New Ground Beef Recall Will Make You Rethink What's for Dinner
Unnerving news for red meat eaters: Late yesterday, the USDA's Food Safety and Inspection Service officially announcedthat potentially contaminated ground beef trimmings from Canadian food company XL Foods were distributed in the U.S. and are subject to a recall.
The problem dates back to September 3, when the meat raised concerns about E. coli at the U.S. border. The meat ended up testing positive for contamination, and a recall was issued in Canada on September 16. Yet, somehow, it took until yesterday for FSIS and these U.S. meat companies to reveal they had received and distributed contaminated meat from XL Foods. Not sure how that works!
The trimmings were distributed in California, Michigan, Nebraska, Oregon, Texas, Utah, and Wisconsin, according to the recall notice and may have been processed into items like ground beef patties, beef jerky, and pastrami. Fantastic!
Thankfully, there are no known, reported sicknesses linked to the trimmings in the U.S. However, in Canada, health officials are currently investigating five cases of E. coli infections they're not yet linking to this particular recall.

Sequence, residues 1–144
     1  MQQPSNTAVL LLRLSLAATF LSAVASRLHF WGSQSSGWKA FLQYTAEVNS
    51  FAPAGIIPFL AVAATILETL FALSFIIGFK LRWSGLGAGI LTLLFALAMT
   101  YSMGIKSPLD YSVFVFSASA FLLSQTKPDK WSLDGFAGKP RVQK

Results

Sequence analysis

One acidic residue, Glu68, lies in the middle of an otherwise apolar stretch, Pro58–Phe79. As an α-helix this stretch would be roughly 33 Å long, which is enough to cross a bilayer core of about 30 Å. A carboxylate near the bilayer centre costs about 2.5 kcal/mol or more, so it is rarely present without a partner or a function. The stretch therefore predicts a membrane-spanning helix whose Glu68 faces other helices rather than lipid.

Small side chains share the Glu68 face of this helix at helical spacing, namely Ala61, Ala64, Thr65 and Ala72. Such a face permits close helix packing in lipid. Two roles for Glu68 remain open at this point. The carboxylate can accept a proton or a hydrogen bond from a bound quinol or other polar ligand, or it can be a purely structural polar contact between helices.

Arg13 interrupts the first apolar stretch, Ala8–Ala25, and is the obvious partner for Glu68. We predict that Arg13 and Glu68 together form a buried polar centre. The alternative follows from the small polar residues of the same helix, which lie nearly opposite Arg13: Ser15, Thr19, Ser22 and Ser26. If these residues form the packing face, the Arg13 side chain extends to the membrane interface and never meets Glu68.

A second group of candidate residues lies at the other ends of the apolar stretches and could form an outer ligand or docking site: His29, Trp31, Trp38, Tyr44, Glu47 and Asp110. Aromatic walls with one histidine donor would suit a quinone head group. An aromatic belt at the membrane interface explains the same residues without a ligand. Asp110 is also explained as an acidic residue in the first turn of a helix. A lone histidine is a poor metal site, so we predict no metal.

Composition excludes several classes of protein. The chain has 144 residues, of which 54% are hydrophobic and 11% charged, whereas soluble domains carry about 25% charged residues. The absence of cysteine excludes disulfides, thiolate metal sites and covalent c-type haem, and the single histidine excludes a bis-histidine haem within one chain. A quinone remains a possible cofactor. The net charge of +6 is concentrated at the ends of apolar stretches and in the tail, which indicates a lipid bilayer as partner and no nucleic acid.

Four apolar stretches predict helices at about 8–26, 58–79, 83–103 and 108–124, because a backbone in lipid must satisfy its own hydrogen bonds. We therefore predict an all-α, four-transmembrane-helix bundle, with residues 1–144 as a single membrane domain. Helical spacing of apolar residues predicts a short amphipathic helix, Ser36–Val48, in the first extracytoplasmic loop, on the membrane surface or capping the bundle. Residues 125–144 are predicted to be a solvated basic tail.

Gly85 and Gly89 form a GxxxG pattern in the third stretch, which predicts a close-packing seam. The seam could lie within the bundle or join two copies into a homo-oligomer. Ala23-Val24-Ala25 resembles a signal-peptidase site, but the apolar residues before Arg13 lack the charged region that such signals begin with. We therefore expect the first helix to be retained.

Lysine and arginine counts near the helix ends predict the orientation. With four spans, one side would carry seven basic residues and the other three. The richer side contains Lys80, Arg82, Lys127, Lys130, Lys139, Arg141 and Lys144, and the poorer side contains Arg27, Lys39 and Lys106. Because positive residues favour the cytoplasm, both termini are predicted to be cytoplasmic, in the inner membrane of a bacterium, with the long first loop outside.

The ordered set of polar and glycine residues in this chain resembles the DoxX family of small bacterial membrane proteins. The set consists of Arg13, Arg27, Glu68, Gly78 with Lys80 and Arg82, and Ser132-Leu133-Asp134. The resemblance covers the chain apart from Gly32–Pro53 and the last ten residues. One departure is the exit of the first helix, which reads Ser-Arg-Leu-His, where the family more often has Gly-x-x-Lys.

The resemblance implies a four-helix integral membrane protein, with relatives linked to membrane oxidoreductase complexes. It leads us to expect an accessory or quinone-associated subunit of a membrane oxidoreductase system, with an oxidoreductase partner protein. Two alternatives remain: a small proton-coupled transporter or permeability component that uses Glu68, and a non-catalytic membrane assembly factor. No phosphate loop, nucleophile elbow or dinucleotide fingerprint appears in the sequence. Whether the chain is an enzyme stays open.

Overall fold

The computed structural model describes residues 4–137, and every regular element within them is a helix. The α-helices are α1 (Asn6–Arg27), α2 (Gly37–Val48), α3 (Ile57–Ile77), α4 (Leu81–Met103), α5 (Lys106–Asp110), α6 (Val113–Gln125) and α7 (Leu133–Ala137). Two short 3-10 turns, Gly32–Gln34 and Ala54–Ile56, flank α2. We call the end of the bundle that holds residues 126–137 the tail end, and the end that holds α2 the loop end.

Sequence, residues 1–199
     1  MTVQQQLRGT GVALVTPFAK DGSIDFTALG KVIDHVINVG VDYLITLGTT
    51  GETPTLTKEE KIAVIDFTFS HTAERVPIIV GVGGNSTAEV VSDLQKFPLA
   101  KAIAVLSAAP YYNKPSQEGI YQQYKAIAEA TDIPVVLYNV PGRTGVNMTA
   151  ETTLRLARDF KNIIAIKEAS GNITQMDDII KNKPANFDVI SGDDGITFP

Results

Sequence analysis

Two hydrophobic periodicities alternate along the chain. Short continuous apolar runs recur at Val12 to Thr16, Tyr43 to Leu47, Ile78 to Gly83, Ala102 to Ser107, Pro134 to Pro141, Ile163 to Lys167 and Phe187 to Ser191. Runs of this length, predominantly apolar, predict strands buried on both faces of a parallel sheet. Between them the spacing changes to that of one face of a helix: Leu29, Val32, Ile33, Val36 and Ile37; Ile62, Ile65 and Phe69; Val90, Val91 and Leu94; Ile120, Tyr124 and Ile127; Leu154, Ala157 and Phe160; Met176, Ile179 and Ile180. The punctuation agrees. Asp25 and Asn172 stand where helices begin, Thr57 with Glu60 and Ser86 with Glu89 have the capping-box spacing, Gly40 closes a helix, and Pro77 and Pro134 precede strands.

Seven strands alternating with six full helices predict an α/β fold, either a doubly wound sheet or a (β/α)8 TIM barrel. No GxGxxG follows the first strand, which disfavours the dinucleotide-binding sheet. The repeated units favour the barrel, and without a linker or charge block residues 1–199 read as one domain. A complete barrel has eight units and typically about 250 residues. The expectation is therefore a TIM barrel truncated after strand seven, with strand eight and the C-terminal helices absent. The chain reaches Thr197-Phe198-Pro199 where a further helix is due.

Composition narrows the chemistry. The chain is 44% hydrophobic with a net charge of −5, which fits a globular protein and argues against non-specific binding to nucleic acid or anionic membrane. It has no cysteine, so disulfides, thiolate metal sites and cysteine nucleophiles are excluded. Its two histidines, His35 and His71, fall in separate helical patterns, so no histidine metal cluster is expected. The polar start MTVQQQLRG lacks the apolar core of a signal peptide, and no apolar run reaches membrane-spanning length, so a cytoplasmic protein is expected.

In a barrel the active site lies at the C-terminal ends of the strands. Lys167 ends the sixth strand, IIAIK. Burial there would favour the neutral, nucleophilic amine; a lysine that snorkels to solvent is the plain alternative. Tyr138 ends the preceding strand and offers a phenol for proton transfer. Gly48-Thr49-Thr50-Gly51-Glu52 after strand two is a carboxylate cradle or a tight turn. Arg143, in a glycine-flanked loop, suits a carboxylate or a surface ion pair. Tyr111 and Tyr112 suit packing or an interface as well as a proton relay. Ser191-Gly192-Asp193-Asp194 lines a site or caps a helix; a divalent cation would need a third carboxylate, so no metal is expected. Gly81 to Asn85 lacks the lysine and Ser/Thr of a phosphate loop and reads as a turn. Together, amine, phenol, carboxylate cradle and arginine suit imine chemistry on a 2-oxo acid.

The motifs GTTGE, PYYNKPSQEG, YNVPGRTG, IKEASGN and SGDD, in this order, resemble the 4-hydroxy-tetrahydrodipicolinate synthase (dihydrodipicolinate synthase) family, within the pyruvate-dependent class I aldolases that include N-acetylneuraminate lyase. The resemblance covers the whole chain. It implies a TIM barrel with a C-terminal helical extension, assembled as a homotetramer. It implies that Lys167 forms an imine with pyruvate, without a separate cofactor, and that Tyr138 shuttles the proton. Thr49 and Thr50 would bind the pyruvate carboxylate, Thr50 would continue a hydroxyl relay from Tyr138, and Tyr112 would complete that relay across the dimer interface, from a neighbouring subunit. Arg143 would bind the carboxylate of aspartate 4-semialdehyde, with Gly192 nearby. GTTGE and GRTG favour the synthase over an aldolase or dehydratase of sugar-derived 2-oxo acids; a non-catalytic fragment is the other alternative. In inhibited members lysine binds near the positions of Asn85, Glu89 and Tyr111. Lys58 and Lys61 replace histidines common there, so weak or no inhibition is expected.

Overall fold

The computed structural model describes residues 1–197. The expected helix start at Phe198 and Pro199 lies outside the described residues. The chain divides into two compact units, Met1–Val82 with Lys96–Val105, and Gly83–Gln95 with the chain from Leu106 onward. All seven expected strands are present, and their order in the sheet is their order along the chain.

In the meantime, seems like everyone is scrambling around trying to cover themselves. XL Foods released the following statement about their efforts to help the investigation:
We are working in cooperation with all processors and retailers that received this product and instructed them to remove all product from store shelves as quickly as possible ... We understand there are some illnesses being investigated to determine a link between the recalled product ... At this time no linkage has been determined.
Well, whew! Glad we've got that covered.
But, seriously, this is disconcerting. Sure, there are steps we can take to protect ourselves, like only consuming ground beef that has been cooked to a temperature of 160°F and using a food thermometer that measures internal temperature (the only way to confirm that it has been cooked to a temperature high enough to kill harmful bacteria). But what about addressing the issue in the long run? It seems like every couple of months, we get slammed with another ground beef recall. (In July, 33 people were infected with a strain of salmonella!) Seems like a serious signal that our food safety system might not be cutting it.
Does this recall worry you?